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Almost Anorexic: A Dietitian’s Book Review

This book by Jenni Schaefer clearly illustrates the tricky web of anorexia nervosa and how easily you or a loved one can get caught in the web.  The book talks a lot about how innocent dieting can spin out of control like cancer.  The authors discuss how researchers from the University of Sydney think that it would be a wise idea to label anorexia in stages (stage 1 to 4) like cancer so that early stages of anorexia would be treated aggressively.

Unfortunately, often times treatment for anorexia is not recognized until the eating disorder is severe, chronic and more difficult to treat. Early recognition and intervention is key for complete recovery.

Wondering if you or a loved one is struggling with eating disorder thinking or behaviors?  Take this EAT-26 to see if food and weight control your life.  Remember, the test is a screening tool and may miss people in the early stages of an eating disorder, but it may be a good place to start.  A trained eating disorder professional will be the best way for you to know for sure.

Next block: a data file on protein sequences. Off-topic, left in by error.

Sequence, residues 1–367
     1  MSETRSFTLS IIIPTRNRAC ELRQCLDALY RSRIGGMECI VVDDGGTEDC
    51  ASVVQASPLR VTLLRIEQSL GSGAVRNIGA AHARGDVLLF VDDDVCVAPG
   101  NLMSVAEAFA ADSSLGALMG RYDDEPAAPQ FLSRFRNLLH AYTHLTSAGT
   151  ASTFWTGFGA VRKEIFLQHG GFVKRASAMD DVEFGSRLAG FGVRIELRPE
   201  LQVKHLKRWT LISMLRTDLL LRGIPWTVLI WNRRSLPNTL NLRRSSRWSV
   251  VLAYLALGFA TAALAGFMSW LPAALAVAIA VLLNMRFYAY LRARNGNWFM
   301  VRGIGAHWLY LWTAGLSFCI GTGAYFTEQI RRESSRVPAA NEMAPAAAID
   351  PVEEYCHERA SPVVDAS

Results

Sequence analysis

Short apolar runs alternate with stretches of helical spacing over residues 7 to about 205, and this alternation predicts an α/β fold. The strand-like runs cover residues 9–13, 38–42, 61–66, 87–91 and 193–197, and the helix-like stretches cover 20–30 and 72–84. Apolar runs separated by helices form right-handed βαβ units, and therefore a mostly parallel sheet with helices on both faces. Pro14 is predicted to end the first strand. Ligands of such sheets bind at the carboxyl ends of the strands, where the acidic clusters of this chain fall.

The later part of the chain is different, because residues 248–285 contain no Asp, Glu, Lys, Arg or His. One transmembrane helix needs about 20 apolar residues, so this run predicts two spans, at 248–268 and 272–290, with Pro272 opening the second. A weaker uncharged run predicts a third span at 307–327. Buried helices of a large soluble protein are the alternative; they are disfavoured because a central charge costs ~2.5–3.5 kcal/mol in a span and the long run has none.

The book includes clever ways to repurpose positive eating disorder personality traits to foster recovery.  Traits common in eating disorders such as perfectionism, obsessive compulsiveness, sensitivity to emotional pain, persistence, low risk-taking, attention to detail, preference for routine, ability to delay gratification and intelligence. These personality traits be redirected from contributing to the illness to developing life goals to master health and happiness.

This book includes fabulous sections on self-awareness.  For instance, the book does a great job of describing what feeling fat feels like, even though fat is not a feeling, “feeling fat” is often a result of mislabeling certain emotions.  There are activities in the book to help you graph your feelings of fatness and ways to be curious about these feelings and develop skills to counter these thoughts.

Other excellent resources include:

  • A self-evaluation pie chart to see how much your thinking is clouded by eating disordered thinking
  • Increasing awareness of external vs internal cues about eating
  • Breaking eating disorder rules
  • Strategic ways to decrease body checking
  • Setting up a social support network
  • Finding professional support

Again, all of these activities will be most effective working with a treatment team, but this book will definitely help you with insight and support for your recovery.

If you are looking for support, reach out to us and we can help connect you with resources in your area.  We have a support group that meets Monday in our Columbia office at 7:00pm. You can email rebecca@empoweredeatingrd.com or call us at (240) 670-4675. We want to be here to support you through your recovery journey.

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